I see multitudes of people with one ailment after another and I want so badly to say, "Look at your diet!"
Now I know that not everything has a direct correlation to the foods we eat, but what if it does? What does anyone stand to lose by cutting out the junk and instead eating good, wholesome, nutritious foods? Sure you may lose a little weight, have increased energy and feel better in general. As for the cons... I'm still waiting to hear of any.
I am going to jump off of that soapbox now, because I want to mention something else. Something positive that is a great resource for anyone who needs a change. Whether the change is necessary due to a recent food allergy diagnosis, discovery of a food intolerance, or warranted because of health issues. Whatever the reason, support is important. It is really tough to know where to start out if you don't have someone to lean on.
Enter Freedible. A new social site and information resource for people with food allergies, intolerances and other restrictions.
A couple of months ago, I was contacted by Cheryl, the founder of Freedible. I checked out the website and at first glance I was hooked. Finally! A place where we can all come together and share information that may be helpful for someone who is just stepping into these shoes.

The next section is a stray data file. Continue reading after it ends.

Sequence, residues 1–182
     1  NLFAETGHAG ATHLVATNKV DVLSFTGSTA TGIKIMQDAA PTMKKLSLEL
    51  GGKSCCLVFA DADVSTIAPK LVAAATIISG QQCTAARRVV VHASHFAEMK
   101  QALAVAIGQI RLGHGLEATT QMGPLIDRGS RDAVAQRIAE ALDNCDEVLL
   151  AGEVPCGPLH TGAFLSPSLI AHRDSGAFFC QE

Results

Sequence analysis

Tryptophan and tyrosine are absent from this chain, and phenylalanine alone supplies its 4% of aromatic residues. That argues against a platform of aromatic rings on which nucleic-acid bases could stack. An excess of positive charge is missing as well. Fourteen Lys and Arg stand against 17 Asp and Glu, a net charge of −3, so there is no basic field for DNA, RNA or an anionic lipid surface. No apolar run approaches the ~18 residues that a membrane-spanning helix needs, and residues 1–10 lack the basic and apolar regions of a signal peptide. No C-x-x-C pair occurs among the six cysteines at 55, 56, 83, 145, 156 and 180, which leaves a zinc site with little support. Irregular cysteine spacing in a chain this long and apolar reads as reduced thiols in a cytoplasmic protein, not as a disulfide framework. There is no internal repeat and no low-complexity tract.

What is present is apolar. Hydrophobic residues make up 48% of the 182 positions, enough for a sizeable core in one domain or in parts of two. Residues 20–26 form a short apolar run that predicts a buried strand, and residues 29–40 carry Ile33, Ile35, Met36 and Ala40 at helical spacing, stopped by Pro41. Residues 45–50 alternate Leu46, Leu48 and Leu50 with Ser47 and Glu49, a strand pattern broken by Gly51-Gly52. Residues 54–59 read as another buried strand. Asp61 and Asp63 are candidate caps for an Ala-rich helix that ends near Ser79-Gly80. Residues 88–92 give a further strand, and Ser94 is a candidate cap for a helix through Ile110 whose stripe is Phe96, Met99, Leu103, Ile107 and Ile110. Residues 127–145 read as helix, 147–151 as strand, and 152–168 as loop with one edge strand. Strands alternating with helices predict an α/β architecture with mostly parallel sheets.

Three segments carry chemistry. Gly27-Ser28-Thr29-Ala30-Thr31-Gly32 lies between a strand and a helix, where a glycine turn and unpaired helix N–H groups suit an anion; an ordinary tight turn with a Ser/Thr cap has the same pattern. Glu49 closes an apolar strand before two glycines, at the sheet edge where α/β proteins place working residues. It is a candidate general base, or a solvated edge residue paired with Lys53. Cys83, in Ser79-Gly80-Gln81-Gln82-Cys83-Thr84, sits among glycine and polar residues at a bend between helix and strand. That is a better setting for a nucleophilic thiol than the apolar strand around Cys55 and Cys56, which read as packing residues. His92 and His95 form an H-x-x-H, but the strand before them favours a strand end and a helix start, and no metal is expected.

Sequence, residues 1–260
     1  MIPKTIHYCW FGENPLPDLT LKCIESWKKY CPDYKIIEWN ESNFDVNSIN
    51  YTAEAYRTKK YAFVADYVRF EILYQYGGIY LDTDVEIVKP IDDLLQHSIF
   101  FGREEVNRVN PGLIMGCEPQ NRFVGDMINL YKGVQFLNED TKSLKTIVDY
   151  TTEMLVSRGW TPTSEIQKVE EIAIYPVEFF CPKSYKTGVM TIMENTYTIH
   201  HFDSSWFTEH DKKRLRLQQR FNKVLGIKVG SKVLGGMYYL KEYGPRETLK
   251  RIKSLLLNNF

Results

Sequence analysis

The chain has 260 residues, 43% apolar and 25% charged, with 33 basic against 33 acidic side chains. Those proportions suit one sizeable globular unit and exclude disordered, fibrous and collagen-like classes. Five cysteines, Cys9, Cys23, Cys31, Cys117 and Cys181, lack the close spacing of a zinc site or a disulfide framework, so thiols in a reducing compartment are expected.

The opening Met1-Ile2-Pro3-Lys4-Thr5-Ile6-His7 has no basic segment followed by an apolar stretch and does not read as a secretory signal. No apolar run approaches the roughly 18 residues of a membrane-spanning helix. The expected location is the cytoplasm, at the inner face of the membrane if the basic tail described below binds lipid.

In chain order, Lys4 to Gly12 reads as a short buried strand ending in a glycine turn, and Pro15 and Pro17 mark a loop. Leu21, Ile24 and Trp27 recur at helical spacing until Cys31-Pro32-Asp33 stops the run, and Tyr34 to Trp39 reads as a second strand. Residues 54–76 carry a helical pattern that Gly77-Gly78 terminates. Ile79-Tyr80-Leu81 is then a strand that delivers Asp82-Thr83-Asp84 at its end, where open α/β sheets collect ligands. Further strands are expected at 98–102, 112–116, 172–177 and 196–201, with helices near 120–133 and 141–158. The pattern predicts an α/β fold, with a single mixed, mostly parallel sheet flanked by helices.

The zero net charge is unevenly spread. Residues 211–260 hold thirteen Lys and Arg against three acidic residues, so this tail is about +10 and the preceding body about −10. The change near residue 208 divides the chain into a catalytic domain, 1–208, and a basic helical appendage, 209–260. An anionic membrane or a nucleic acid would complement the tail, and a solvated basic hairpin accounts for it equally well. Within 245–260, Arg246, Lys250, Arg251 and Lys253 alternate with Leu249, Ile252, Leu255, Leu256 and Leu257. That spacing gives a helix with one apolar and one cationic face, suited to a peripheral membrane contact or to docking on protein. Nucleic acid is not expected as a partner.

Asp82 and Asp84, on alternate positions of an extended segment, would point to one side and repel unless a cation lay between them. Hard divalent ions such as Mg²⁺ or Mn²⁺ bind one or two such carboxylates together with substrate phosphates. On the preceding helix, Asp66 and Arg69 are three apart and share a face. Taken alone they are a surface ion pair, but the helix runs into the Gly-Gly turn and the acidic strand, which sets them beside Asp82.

By joining the Freedible community, you can create a profile, set your dietary preferences, and seek out others who may be in the same boat. Search recipes, try them out and review them. Even join or start a discussion group to share insight with others in the community.
I absolutely love that I can search for recipes based on our specific dietary restrictions. One of my biggest purposes when I began this blog was to search out recipes, adapt them to fit our needs, and then to share them with others. Well, I can tell you from lots and lots of experience that making a recipe already suited to those needs is much simpler than modifying every single recipe you come across (especially when it comes to gluten-free baking!).
Freedible categorizes recipes so they are easily searchable. <-- Seriously, visit that link and check out the recipes Cheryl posted recently that would be perfect for a 4th of July barbecue...amazing. One of the best parts? The recipes are healthy, nutritious, and free of many common allergens. If you were to host a get-together and have allergy-friendly foods, you would instantly earn Superhero status among your guests with food restrictions. And the food will be so delicious that the feeling will be mutual from those without restrictions!
I also happen to love the Kids' Favorites in the recipe section. Find the recipes and support needed to make the transition to a healthier lifestyle that much easier for those picky kiddos! You can even find my Chocolate Ice Cream recipe there! ;)
If you want to a good place to start, I would recommend the Know-How section. I love the super helpful New Diets Survival Kit and the wealth of information from home to school to staying positive in Getting Kids Started.
Don't try to go it alone, the support is there, go check out Freedible and you will see what I mean!
All text and opinions are mine alone.